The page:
Srijan R. Shetty bio photo

Srijan R. Shetty

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I’m trying a new series of posts with gist kind of content.

I’m a huge fan of httpie, it has a natural syntax and covers more than 90% of the use-cases required during the development of a REST service. Session support out of the box was a huge surprise, but at the same time, it was a let-down as it did not relay back cookies in HTTP headers.

After copy pasting Set-Cookie header in a session.json every time I pulled down docker image, the coder in me wanted to automate the mundane. The following is the output of a few hours wasted, feel free to add it to your own shellrc.

# Use session file if present for http
function http() {
    if hash http &> /dev/null; then
        command http --session=./.session.json [email protected]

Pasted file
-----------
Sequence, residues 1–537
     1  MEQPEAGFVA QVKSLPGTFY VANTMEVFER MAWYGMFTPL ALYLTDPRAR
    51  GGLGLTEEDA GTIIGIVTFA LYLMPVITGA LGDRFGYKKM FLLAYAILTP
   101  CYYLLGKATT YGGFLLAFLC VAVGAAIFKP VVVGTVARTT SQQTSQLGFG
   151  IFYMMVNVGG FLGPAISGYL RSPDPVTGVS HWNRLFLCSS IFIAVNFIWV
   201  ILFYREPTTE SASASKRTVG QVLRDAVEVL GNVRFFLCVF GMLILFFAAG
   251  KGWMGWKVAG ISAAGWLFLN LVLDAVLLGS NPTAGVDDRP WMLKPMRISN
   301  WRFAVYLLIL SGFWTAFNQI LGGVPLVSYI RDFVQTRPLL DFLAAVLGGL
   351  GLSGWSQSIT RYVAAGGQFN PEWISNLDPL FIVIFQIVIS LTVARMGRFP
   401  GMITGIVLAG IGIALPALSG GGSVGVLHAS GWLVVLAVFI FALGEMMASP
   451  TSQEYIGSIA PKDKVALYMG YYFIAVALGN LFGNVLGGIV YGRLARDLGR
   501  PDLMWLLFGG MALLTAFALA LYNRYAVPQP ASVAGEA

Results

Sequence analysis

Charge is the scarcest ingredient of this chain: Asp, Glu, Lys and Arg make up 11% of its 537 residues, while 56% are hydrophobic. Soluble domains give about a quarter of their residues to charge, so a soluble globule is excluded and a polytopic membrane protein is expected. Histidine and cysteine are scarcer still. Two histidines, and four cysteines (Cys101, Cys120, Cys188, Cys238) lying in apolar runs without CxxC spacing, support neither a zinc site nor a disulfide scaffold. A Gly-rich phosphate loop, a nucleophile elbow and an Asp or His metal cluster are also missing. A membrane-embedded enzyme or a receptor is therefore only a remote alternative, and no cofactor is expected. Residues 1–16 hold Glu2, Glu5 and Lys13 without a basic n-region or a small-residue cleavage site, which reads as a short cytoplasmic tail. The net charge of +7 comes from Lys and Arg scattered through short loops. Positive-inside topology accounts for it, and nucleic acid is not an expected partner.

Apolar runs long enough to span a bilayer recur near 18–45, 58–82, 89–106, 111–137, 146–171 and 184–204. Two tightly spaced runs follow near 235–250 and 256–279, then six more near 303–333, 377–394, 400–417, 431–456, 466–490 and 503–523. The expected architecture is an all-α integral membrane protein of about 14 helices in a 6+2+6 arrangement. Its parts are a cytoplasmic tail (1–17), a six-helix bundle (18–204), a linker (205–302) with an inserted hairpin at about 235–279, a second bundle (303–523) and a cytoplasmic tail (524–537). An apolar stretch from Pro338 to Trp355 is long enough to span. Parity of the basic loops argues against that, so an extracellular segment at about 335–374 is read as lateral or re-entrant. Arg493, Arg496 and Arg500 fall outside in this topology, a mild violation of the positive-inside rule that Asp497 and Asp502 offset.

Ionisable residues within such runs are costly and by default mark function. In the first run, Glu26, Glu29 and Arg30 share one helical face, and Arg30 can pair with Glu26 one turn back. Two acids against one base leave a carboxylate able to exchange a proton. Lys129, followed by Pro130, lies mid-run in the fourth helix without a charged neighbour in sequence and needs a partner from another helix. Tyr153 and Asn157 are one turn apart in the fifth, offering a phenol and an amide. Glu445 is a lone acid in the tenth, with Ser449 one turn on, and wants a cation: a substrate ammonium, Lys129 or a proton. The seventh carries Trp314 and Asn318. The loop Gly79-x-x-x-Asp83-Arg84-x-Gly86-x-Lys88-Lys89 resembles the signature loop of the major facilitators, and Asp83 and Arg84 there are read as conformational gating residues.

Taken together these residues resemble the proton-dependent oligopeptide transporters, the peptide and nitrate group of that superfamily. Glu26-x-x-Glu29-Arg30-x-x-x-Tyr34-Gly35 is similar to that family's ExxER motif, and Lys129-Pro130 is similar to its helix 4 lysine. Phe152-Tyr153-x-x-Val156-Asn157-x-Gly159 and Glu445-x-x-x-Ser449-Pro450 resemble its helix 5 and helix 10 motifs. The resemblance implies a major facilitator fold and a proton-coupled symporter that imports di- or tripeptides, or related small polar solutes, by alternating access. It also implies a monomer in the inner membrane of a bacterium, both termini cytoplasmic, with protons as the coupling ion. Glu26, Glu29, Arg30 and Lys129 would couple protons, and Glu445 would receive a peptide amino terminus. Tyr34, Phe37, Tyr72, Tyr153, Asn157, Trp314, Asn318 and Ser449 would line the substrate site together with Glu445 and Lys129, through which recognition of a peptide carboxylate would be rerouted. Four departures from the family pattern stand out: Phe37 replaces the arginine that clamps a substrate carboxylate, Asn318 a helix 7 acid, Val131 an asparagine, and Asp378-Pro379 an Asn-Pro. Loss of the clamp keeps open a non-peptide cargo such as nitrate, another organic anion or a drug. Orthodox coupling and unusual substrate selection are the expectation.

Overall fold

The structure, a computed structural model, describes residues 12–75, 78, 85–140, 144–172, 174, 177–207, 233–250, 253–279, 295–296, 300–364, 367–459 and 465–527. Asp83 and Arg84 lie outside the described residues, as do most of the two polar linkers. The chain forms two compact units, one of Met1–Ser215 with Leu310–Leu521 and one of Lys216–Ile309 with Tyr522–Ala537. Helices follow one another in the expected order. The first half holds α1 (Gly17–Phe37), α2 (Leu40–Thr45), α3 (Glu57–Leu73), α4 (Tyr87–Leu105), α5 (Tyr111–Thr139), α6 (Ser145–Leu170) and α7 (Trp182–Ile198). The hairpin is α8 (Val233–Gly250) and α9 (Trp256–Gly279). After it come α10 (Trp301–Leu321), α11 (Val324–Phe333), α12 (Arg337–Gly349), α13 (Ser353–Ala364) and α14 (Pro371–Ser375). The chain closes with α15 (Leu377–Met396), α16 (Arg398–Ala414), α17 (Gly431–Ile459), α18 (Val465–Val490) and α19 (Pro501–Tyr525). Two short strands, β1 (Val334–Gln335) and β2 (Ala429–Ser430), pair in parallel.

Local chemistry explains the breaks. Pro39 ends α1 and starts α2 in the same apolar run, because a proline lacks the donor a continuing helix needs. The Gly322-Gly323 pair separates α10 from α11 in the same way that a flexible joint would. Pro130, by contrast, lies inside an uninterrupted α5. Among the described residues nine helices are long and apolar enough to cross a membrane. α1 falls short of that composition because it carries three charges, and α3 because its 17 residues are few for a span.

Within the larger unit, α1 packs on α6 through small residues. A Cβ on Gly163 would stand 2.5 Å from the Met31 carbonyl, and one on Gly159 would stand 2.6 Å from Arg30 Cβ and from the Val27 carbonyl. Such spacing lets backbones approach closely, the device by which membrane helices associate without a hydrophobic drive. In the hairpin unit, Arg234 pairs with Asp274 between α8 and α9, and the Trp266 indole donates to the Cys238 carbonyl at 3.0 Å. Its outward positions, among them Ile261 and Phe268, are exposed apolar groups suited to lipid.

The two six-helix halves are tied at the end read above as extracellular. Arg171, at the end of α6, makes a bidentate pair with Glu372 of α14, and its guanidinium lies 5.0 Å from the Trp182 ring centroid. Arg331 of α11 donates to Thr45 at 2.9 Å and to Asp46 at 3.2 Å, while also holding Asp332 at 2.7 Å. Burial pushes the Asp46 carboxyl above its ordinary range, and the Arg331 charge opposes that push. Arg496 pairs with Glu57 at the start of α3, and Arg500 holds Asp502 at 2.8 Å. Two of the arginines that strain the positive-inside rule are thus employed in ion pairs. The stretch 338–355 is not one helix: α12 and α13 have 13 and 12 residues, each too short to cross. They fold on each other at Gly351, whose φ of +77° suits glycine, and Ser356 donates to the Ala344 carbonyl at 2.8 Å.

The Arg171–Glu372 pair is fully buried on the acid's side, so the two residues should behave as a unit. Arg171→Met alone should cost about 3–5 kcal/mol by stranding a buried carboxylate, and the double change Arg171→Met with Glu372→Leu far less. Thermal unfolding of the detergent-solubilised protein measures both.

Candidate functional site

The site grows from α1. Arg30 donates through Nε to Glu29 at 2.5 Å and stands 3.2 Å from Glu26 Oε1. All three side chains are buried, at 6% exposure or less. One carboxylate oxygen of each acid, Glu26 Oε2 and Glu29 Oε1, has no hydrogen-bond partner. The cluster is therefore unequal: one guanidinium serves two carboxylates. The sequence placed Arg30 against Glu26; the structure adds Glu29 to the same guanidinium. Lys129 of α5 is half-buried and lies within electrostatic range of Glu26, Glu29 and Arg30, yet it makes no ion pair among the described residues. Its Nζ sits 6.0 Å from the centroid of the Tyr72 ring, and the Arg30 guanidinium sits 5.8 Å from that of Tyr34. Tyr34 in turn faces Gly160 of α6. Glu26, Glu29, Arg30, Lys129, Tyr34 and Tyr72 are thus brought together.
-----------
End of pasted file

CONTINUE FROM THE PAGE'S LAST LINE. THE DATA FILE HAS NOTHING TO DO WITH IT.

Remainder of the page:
else
        echo "command is not installed"
    fi
}

# This function extracts cookie information from the headers of
# an httpie request and then stores it in a .session-file
function set-cookie() {
    setopt clobber

    # Extract bookie after login
    COOKIE=$(http "[email protected]" --print=h | grep 'Cookie' | cut -d: -f2 | cut -c2-)
    echo "The cookie is: $COOKIE"

    # Create a session file using HERE DOC
    cat > .session.json <<- EOF
{
    "headers": {
        "Cookie": "${COOKIE}"
    }
}
EOF

    # Remove line endings
    sed -i 's/\r//g' .session.json
}

There are two pieces to the httpie sessions puzzle. The command set-cookie extracts the Set-Cookie header from the request, stripes it of whitespaces and stores it down to a new session.json file. The clobber option will rewrite an existing .session.json file if present. I’ve also created a new http function which uses a session file always.

My workflow now is to call set-cokkie to the authentication end-point which sets the session file. Followed by calls to end-points which require authentication.